by Andy Wakelin
WE HAVE commented before in this column about the regular counts of birds on the Basin and how important it is to keep an eye on population trends. This vigilance is recorded in the publication of ‘The State of the UK’s Birds 2011’, available from the RSPB website.
This digest of all the bird population monitoring effort over the UK since the mid-1970s gives a good idea of what is happening to birds in general and we can compare the countrywide trends with our local figures.
The main local count is done for the Wetland Bird Survey (WeBS) and is carried out monthly by a skilled band of volunteers around the Basin and Duns Dish. This scheme aims to count all the wildfowl, waders and gulls at high tide on an appointed day and provide a picture of bird population on the Basin as well as adding to the data from around the UK. The figures for the Basin can be found on the montrosebasin.org.uk website.
The trends that are emerging from the masses of data collected over the past 35 years make interesting, if sometimes grim, reading. Interpreting this data is difficult and the reasons for the changes can only be explored by further research, so, at this stage, there can be only informed speculation.
What of our Basin birds? Well, the Shelduck is doing well on the Basin, with rising numbers over the last 10 years, but this is not the national trend where numbers are falling over that same period. So the Basin has something that the Shelduck like and now hosts 10 per cent of the Scottish population.
The Eider dusk is the iconic bird of the Basin, with around 300 nests in the summer and birds here all year round. The amorous ‘cooing’ of the males in search of a mate is heard over this holiday season as pair bonding takes place. Its fortunes have been pretty stable in Scotland as a whole and numbers have been increasing on the Basin, so, once again, a healthy picture at the moment.
However, it is not all good news. The Redshank, Dunlin and Curlew have all shown steady declines in the UK over the last 20 years and this trend in reflected in the Basin counts as well.
Three possible causes for these declines in birds on estuaries have been put forward in the State of UK Birds report. The first is range shifts. This is a possible response to global warming where birds move their normal breeding and feeding grounds to get the right climactic conditions and to follow their food sources, if they are moving for the same changes in climate.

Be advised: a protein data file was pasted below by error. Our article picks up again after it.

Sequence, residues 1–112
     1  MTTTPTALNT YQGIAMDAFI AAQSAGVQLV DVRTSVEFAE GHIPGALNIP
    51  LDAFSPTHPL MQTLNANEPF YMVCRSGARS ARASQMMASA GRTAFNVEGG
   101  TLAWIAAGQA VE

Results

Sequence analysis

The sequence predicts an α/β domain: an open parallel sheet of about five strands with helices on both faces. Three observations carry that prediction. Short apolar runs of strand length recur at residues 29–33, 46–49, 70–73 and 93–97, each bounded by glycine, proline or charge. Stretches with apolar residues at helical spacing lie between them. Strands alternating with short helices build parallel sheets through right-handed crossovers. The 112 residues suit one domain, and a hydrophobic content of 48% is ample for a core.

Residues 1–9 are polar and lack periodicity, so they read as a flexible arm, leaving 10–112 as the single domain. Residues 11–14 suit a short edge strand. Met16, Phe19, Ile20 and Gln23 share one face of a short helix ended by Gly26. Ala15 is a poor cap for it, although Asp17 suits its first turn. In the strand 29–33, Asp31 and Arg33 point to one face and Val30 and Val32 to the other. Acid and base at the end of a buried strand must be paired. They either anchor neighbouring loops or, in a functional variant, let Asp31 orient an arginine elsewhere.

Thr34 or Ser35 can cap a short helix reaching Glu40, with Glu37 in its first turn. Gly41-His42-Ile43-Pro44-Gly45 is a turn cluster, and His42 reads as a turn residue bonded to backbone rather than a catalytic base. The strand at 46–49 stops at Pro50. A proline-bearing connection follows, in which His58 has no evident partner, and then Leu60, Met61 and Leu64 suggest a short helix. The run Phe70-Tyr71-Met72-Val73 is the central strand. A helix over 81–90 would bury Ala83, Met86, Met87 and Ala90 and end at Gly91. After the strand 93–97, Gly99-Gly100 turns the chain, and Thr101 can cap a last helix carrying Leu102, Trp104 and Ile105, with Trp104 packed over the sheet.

The second is flyway populations. If the total number of a particular species of migratory bird is declining due to challenges anywhere along its migration route, then the picture in the UK is simply reflecting those changes.
Third is habitat quality. Estuaries are complex biological systems that involve the mixing of fresh water from rivers and salt water from the sea on a tidal rhythm that governs the productivity of the organisms on the mud. Pollutants from many sources can upset the balance and reduce the amount of food available to all the organisms that rely upon it.
The information provided by the long-term monitoring of the Basin’s birds gives us some confidence that the habitat is in good order as many birds are showing equal or better performance than the rest of Scotland. For instance, the Shelduck, mentioned earlier, rely on the supply of hundreds of thousands of spire-shell snails, called Hydrobia, and there are clearly plenty of them for the burgeoning Shelduck population, so the habitat would seem to be in good order at the moment.
The Redshank and Dunlin trends on the Basin are worse than the Scottish figures suggest, so there may be cause for concern over those species. The question is, what is changing about the Basin that is discouraging those birds? Again it would require some specific research to try to find out exactly what these waders need and whether the Basin habitat is at fault.
The reasons for all these problems are still unclear, but it is vital that every effort is made to keep the environment healthy and keep counting the birds. The canary was the coal miners’ early warning of trouble ahead and now we must rely on many other birds to give us the data we need to identify the problems as they happen.